Reputation and Reality
Argentina is well reputed for fine dining, great steaks and rich wine. In my humble opinion Argentina’s culinary reputation is based solitarily on tourist experiences. Eating in Argentina for a week as a tourist could be an amazing culinary vacation in a carnivore’s paradise. The meat here is delicious. Cattle are grass fed on flat terrain, making them fat and tender. With the advantageous exchange rate, tourists can eat at some of the finest restaurants in town, gorging on filet minion and kobe beef, washed down with well reputed Malbec wines. Or if Italian food strikes your fancy, Buenos Aires is filled with Italian restaurants boasting homemade pastas, raviolis with artisan fillings, and a selection of countless sauces to accompany. Living here is a different story. Eating like a tourist is completely unrealistic, and would render one rather hefty after a few weeks. Not to mention that on a teacher’s salary, one has to live, well, modestly. The truth is that after living here for awhile, most people tire of the food.
My biggest critique is that Argentine cuisine lacks variety, vegetables and convenience. Although every restaurant has salad on the menu (usually a simple lettuce and tomato salad), vegetables are not widely incorporated into meals. They are often used more as accents to a main dish, or sometimes served as a side dish. Some days I will walk around town, totally hungry, but there is nothing that I want to eat! Empanadas, migas sandwiches, pasta or meat have become so tiresome and repetitive. If you’re not predisposed to only consuming meat and carbohydrates, food here is not satisfying and makes you feel sluggish and bloated. Lunch is the hardest meal to coordinate as an English teacher. Since most students prefer to have class during their lunch hour, a teacher will not have a break until 2:30. Days when I do not have the opportunity to go home for lunch, I struggle finding food downtown that I want to eat. Luckily there are some vegetarian restaurants, gourmet and international cafes, and there are a few standby sandwich shops. These places are geared more towards cosmopolitan and international clients; they are not typical for Argentina, nor part of the traditional cuisine.
Despite my complaints, one thing I love about Argentina is the wide availability of inexpensive, fresh produce! I do the majority of my shopping at the fruit stand, only rarely going to grocery store for staples like milk, oil, yogurt, pasta and rice. An average trip to the verduleria (fruit stand) will render two plastic bags filled with oranges, bananas, bell peppers, carrots, zucchinis, etc and cost around 15 pesos (less that $4USD). Within a two-block radius of my house there are at least 5 verdulerias.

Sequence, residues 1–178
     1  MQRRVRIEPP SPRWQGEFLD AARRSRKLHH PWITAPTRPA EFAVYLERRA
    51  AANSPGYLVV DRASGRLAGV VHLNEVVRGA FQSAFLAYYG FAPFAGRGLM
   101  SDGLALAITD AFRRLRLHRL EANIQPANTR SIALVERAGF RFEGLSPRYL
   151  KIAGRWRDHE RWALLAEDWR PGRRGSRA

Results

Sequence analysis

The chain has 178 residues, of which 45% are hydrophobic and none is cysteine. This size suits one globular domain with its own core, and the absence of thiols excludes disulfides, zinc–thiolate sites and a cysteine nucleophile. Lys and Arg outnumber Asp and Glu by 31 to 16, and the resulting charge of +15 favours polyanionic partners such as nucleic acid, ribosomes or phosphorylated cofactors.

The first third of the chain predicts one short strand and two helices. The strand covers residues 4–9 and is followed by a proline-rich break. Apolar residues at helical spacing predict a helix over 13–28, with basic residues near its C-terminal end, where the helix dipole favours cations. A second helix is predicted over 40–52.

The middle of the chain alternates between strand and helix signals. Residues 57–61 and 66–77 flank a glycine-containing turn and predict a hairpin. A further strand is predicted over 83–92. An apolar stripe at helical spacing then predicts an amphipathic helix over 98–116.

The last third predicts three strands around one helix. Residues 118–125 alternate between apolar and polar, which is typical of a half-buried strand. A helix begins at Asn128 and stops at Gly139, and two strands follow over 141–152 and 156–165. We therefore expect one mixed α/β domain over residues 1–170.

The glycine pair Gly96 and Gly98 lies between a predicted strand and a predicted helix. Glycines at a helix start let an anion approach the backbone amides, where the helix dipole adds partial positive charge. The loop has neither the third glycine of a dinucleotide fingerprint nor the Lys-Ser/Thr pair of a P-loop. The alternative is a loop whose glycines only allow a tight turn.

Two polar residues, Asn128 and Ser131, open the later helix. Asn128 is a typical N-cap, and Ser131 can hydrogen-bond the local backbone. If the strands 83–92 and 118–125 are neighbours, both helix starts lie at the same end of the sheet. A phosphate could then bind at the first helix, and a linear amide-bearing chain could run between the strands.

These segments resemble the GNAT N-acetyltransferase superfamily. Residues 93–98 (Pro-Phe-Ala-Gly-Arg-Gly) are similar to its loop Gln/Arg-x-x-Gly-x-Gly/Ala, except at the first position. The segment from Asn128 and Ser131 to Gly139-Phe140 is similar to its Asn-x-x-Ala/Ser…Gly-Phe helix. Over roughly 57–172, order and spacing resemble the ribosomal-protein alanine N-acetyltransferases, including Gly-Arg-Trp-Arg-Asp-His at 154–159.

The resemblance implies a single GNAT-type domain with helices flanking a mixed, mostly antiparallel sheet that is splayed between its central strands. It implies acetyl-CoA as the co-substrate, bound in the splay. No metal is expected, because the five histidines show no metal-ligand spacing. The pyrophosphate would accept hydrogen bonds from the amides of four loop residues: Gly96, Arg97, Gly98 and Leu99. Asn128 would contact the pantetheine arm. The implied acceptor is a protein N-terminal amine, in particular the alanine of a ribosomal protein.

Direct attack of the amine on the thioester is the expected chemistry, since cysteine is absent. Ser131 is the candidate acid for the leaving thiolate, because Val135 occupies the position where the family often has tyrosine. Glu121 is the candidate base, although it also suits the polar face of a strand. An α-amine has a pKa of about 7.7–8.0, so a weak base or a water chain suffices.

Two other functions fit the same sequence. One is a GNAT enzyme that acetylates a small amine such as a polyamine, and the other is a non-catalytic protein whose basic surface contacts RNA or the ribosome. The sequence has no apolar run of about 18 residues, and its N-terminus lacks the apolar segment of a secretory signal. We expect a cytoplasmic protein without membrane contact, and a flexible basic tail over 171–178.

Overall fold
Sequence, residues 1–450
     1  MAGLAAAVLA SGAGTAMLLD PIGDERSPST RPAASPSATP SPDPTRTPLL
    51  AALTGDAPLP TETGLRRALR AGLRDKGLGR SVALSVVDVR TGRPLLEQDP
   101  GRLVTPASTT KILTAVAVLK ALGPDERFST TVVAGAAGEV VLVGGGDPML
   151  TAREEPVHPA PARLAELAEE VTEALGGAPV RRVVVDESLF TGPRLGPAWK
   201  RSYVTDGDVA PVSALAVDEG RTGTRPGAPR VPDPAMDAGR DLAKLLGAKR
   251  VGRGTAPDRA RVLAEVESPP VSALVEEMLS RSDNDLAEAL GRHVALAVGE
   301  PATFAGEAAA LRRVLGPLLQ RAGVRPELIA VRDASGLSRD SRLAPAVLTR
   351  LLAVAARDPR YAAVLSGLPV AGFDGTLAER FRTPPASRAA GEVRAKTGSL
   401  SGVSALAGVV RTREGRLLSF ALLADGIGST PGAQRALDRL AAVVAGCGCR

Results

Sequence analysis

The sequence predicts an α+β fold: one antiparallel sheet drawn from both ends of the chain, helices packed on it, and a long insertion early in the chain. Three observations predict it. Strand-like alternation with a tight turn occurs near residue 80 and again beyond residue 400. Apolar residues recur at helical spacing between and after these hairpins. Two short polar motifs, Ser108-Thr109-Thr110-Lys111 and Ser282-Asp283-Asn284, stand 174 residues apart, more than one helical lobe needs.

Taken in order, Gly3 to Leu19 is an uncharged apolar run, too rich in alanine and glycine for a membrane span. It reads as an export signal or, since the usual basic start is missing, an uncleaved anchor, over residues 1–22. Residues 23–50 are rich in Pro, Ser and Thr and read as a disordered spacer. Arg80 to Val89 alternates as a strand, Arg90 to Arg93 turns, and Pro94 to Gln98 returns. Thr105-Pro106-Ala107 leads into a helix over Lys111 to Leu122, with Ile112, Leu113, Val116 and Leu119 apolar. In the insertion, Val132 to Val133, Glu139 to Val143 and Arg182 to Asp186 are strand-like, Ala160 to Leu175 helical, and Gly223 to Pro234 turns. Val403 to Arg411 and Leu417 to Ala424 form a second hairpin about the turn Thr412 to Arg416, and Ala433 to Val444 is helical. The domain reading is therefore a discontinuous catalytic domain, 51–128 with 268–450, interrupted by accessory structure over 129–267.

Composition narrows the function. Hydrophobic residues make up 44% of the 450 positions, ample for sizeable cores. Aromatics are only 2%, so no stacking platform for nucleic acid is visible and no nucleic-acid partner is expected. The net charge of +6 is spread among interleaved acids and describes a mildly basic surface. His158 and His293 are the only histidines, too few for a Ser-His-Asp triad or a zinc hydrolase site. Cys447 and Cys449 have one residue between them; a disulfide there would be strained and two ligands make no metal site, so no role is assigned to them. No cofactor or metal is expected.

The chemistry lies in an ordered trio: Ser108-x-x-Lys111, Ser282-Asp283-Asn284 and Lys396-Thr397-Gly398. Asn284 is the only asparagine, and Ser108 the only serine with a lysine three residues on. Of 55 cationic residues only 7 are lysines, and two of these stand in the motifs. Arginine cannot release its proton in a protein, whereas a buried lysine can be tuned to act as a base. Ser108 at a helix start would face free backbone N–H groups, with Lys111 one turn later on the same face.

Since whole foods have a shorter shelf life, I visit the verdulera a few times a week. I remember how luxurious and expensive the produce sections were in Seattle grocery stores. The States really has made eating naturally a luxury, but luckily in Argentina, eating healthfully and naturally is the cheapest option.
From what I have experienced, Argentines eat a lot of sugar, white bread, meat and cheese. Like the French food paradox, it is hard to understand how Argentines eat the things they do without becoming fat. Although the population is generally thinner here, I hesitate to associate that with health, and tend to consider some of it to be due to malnutrition. People smoke, and Argentina is the nation with the second highest rate of eating disorders. Many (especially men) will deny this and argue for a genetic predisposition for thin bodies and resilience to fattening food, which is partially valid. But walking around the streets in Buenos Aires it isn’t uncommon to see women who appear to have been suffering from anorexia for a decade or more. They look sickly, but there is a lot of pressure to be thin in this city.
In general during meals Argentines do not mix food. The notion of a ‘balanced meal’ including different food groups is non-existent. Typically meat served with a vegetable and pasta by itself. I think not mixing food is how Argentines digest such large amounts hard-to-digest foods, like steak. Drinkable yogurt is very popular here; many people drink it everyday for the pro-biotics and easier digestion.
In Buenos Aires I not only changed what I ate, but how and when I ate. Meals are structured very differently. Argentines do not eat a substantial breakfast. Coffee and a croissant is a typical breakfat. Lunch is served later in the day. Noon, called ‘mediodia’ refers to 1pm, not 12. At 5pm Argentines eat a ‘merienda’ or snack/tea. What is eaten during merienda greatly varies but can include coffee and pastries, yogurt, crackers, or a sandwich. Dinner is not eaten until after 9pm. On the weekends it is common to not eat until 11pm. You can imagine what a huge upset this would be to a system used to eating its last meal around 7pm. Dinner is eaten slowly. When dining out it isn’t uncommon to spend three or more hours at the restaurant. This late dinner explains the lack of breakfast; hunger is absent upon waking up because the body is still digesting last night’s steak dinner.
Please suspend judgment and forget your preconceived and very American ideas about nutrition when reading the food pages. Argentina has strict culinary traditions, and to eat in a typical American style is almost impossible in Buenos Aires. Posts can be found in the blogroll on the front page, or in the category ‘comida y la vida’.